- Self-care – This is an area I still struggle with regularly. I focused more on giving to others than myself, and that is seen when I used a chewed-up hairbrush for a year because “it still worked fine for me”, when wouldn’t spend money on a massage when I’d been struggling with migraines for months, or when I wouldn’t relax until “I got enough done.” A measure that only I set and seemed to be a black whole. How we take care of ourselves is proportionate to the care we can receive from others.
- Celebrating wins – Accomplishing things, even the big stuff, turned into simply checking off an item on my never-ending task list over the years. From promotions, to graduating with my MBA, to publishing my first book. It did it. Check. On to the next thing. I remember a dear friend sent me a “congrats” message and I had to ask him for what. “Uh…your book?!” to which I responded, “Oh, right! Thanks!” Not celebrating your wins is another notch in the “I’m not worthy, haven’t earned it, haven’t done enough” belt that constricts our ability to receive.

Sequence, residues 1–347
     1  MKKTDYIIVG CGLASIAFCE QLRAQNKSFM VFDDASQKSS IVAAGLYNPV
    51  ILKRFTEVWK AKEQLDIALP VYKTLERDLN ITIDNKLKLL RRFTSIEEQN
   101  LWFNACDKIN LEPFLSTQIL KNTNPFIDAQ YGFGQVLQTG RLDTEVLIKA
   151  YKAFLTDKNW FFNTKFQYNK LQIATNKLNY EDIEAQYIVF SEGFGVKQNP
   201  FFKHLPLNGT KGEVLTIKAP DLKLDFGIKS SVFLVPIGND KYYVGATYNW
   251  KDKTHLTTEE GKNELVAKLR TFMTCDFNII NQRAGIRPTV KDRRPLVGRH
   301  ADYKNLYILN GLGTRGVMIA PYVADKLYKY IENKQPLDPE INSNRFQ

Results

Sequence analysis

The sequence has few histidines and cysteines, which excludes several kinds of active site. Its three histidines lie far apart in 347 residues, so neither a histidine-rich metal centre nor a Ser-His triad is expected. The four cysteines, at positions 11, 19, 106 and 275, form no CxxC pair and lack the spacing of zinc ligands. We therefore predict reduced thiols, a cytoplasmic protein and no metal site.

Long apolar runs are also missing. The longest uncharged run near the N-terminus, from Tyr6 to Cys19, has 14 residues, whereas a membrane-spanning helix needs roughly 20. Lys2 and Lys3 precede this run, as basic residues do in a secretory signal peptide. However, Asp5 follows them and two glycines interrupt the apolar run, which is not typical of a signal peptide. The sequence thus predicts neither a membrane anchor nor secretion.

- Accepting compliments – Oh boy. Two things happened when I would receive a compliment. First, I would say something like, “You’re just saying that because you are nice.” Second, I body would totally constrict because I have a lot of trauma around it not being safe when I get noticed. Many people have this, unfortunately. But that deflection and constriction blocks our ability to receive.
- Accepting help and support – I’ve always been independent, but somewhere along the line I adopted the belief that people wouldn’t want to be in my circle if I couldn’t be their support system and the only way to be their support system is if I never needed their help. Check out Losing the Strength to Be Strong for more on that. It was only after I had solved my own problem, fixed the situation, made the change, or processed the grief that I would let the people around me know what had happened. Not even giving people a change to support me.
- Apologizing – I used to apologize for everything. Fumbling over my words, rescheduling a meeting or event, losing my train of thought, walking past someone. No matter what it was, I was signaling to my subconscious that I was doing something wrong, being a burden, letting someone down, and reminding myself that I’m not “worthy”. I learned over the years instead to say things like, “Thanks for your flexibility,” or “Thanks for dancing with me in this hall,” or my personal favorite now, “I lost my thought, but I’m sure it was profound!”